Based on the established ‘212’ model E220/E250 CDI, the E300 BlueTEC Hybrid adds a 27bhp electric motor to the powertrain although, unusually, retains a 12V starter motor and alternator. W212 (Saloon) models can be identified by a WDD212098… VIN, and S212 (Estate, or ‘T-Model’) WDD212298.
The system features a 12V starter motor and alternator, plus a two-way DC-DC converter. As well as charging the 12V battery, it can charge the hybrid battery from the 12V system if required. The high-voltage motor- generator is used for starting the engine when stationary, and the starter is used when in motion. The starter can also be used for starting if the high-voltage battery charge is low.
This article details the E300 BlueTEC Hybrid – a similar system is used in the C300 BlueTEC Hybrid and S300 BlueTEC Hybrid, and the later C300h, S300h. The earlier S400 petrol hybrid uses a similar system without the 12V starter and alternator. The later plug-in models are different again.
Despite the name, the E300 BlueTEC HYBRID is not a 3.0-litre engine, it’s a 2.1, and does not have an Adblue system.
ENGINE AND GEARBOX
The E-Class uses the 651.924 engine, the 651 being an established engine used in other Mercedes cars and Vito/Sprinter vans. Measuring 2143cc, and developing 201bhp, the engine has fuel-saving features such as a volume-controlled oil pump and demand-controlled coolant pump. The engine has twin- turbochargers in series, cooled exhaust gas recirculation, balance shafts and has the timing gears and timing chain on the gearbox end.
Some engines were originally supplied with Delphi Piezo injectors, which have no leak-off pipes. These may have been replaced with the later version, with leak-off pipes, due to reliability problems. Injectors have individual codes for fine- tuning and these must be entered with diagnostic equipment when replacing. Injector seals are prone to leak, to prevent this, the injector and bore must be completely clean and a new sealing washer and bolt used, and the bolt tightened to the correct torque. If there is any resistance to putting the injector in the bore, the bore is not sufficiently clean and may lead to future leaks.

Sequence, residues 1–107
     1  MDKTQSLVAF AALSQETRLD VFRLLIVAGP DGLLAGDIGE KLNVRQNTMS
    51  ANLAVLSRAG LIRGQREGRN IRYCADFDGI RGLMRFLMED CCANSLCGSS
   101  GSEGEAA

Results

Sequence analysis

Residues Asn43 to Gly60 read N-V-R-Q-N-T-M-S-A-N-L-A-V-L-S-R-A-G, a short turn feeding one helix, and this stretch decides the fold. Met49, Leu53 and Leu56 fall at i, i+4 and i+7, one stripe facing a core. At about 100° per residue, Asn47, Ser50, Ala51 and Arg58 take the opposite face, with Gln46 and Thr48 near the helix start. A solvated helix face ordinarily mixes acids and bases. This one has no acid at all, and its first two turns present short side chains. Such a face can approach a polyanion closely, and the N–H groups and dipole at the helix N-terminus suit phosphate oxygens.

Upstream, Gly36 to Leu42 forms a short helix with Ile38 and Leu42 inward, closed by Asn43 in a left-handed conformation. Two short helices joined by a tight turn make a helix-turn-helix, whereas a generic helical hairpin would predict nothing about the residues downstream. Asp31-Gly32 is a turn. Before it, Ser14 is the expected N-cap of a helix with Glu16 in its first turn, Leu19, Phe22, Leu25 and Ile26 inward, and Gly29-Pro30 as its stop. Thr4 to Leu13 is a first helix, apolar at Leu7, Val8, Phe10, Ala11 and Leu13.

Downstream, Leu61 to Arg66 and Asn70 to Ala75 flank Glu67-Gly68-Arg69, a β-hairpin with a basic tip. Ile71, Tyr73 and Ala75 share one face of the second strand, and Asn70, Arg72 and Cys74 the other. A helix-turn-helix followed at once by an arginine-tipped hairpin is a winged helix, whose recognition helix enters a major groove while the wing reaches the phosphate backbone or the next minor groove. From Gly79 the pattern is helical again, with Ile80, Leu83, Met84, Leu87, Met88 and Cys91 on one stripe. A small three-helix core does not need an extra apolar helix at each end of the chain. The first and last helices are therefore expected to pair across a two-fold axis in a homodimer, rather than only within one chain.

It has two turbochargers in series, the first designed to provide boost at low engine speeds and the second for high engine speeds. The exhaust manifold features a boost pressure control flap (Mercedes calls it ‘LRK’) which is like a throttle flap. When closed, the exhaust gas is sent to the first turbo, when open, the gas bypasses the first turbo and goes straight to the second. On the intake side, the air goes through the second turbo first and then can either go into the intake or through the first turbo, depending on the position of the charge air bypass flap.
As with most modern diesel engines there is also a throttle flap on the engine intake. This creates a partial vacuum in the inlet manifold to help draw in recirculated exhaust gas. The flap is also closed when switching off the engine to avoid the vibration caused by a diesel engine’s compression. The exhaust gas is cooled by the engine coolant and features a cooler bypass flap for when hot EGR is required (such as during a DPF regeneration).
The engine has four valves per cylinder – eight inlet ports. One of the ports for each cylinder is covered by a swirl flap. The flaps can be closed during part-load acceleration to improve air-fuel mixing (imagine putting your finger over the end of a hosepipe – the faster flow helps mixing). At full load, more air is required, so the flaps are opened by an electric motor.
The exhaust system is fitted with an oxidation catalyst and a particulate filter. The particulate filter catches soot produced by the engine and burns it into smaller particles during regeneration. The filter needs to reach temperatures of around 600°C to burn off the soot. This is done by hot exhaust gas recirculation, operating the glow plugs, and later injection. The late injection results in a higher exhaust gas temperature. The motor generator is also used to increase the load on the engine, which further increases exhaust gas temperature. If driving conditions permit (e.g. motorway driving), a regeneration is possible without using these extra measures. The car will normally do a regeneration whilst driving about every 500-600 miles. DPF problems should be rectified as soon as possible as further driving may cause the filter to block and need a new filter. A differential pressure sensor and back-pressure sensor are both fitted.